The Not-So-Vast Conspiracy Stolen documents show the tiny budget of global warming skeptics.
When did it become received media wisdom that global warming skepticism was all the work of shadowy right-wing groups lavishly funded by oil companies? As best we can tell, it started with a 1995 Harper’s magazine article claiming to expose this “high-powered engine of disinformation.” Today anyone who raises a doubt about the causes of global warming is accused of fronting for, say, Exxon, whatever the facts.
Now comes a rare glimpse inside the allegedly antiscience behemoth, with the online publication last week of documents purloined from the conservative Heartland Institute. The files appear to contain detailed financial, donor and personnel information and outline the think-tank’s projects. Chicago-based Heartland says one of the documents is fake and warns that others may have been altered.
Given the coverage the story has generated, you’d think some vast conspiracy had been uncovered. Heartland is, according to the Associated Press, “one of the loudest voices denying human-caused global warming, hosting the largest international scientific conference of skeptics on climate change.” The Vancouver Sun reports that it is “heavily funded by right-wing industrialist Charles Koch,” while the Virginian-Pilot dubs it “the ideological center of the denial movement.”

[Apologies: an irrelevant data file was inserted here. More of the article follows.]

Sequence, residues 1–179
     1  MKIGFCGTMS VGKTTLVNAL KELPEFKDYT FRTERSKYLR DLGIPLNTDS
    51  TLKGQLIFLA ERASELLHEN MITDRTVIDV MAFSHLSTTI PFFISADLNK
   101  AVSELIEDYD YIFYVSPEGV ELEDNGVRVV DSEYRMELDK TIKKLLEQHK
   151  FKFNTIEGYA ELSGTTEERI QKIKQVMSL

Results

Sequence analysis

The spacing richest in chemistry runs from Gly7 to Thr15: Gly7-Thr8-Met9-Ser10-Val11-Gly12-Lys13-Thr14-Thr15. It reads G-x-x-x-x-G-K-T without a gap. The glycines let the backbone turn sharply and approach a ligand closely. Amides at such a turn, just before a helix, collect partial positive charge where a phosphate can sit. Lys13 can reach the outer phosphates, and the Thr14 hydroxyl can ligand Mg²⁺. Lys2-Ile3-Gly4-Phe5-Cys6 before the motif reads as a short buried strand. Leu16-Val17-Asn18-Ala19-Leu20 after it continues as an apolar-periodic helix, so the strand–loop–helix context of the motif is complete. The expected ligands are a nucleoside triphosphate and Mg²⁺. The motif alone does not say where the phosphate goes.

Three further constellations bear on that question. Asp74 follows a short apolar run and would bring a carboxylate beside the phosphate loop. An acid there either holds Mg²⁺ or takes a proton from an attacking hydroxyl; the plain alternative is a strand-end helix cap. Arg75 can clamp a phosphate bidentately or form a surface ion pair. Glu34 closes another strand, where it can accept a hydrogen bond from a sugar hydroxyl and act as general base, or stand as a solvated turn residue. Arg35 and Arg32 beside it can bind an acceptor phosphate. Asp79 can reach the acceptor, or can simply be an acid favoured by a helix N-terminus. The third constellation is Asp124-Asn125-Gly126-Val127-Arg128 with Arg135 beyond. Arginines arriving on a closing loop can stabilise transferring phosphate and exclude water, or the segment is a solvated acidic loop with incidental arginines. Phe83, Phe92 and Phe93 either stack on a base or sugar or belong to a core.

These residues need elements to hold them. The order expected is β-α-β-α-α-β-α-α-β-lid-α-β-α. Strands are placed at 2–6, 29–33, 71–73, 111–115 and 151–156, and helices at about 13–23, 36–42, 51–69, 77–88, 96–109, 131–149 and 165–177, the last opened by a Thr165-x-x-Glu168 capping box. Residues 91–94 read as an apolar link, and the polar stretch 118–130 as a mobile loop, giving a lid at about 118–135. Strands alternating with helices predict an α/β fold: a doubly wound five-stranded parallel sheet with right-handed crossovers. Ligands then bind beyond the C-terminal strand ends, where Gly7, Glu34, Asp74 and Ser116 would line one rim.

So how flush is Heartland? The documents show the group is expecting revenues of $7.7 million this year, mostly from private donations and grants. Mr. Koch’s “heavy” funding came to $25,000 in 2011, though the Heartland “Fundraising Plan” has it hoping for an increase in 2012. To put those numbers in not-for-profit perspective, last year the Natural Resources Defense Council reported $95.4 million in operating revenues, while the World Wildlife Fund took in $238.5 million.
Press coverage has focused in particular on Heartland’s plans to produce and distribute “educational material suitable for K-12 students on global warming that isn’t alarmist or overtly political.” Heartland is budgeting $200,000 this year for the effort, which in the past has “had only limited success,” per one of the documents. Little wonder if teachers aren’t returning Heartland’s calls: Last year the World Wildlife Fund spent $68.5 million on “public education” alone.